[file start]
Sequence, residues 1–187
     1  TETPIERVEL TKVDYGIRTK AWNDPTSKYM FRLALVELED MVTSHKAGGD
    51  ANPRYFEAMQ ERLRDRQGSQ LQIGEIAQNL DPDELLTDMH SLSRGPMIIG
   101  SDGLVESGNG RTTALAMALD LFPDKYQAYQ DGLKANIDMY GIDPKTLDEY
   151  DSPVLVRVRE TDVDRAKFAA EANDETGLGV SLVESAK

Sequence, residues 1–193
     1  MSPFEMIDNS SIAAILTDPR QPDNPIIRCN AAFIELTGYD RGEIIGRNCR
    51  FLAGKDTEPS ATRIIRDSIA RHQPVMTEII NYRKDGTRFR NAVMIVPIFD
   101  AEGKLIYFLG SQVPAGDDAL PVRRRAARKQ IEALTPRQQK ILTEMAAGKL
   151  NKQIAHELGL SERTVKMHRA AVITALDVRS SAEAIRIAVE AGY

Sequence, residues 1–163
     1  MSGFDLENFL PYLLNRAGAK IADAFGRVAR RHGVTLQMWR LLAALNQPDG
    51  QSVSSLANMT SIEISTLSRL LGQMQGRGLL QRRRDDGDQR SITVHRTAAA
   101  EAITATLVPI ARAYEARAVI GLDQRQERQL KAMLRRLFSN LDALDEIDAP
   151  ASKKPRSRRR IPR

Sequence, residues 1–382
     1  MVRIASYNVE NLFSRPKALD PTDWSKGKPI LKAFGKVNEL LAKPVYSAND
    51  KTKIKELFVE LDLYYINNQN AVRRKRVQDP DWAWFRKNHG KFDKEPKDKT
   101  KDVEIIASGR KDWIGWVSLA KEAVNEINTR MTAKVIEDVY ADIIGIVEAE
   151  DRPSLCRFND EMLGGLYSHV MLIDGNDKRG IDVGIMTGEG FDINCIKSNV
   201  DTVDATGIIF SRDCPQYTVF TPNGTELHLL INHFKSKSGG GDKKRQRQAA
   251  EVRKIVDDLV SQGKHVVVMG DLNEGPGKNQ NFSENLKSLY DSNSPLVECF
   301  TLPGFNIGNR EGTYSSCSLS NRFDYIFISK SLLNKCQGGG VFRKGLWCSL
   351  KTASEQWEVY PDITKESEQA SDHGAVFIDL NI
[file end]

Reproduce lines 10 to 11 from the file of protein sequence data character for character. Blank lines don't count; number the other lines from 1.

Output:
   151  NKQIAHELGL SERTVKMHRA AVITALDVRS SAEAIRIAVE AGY

Sequence, residues 1–163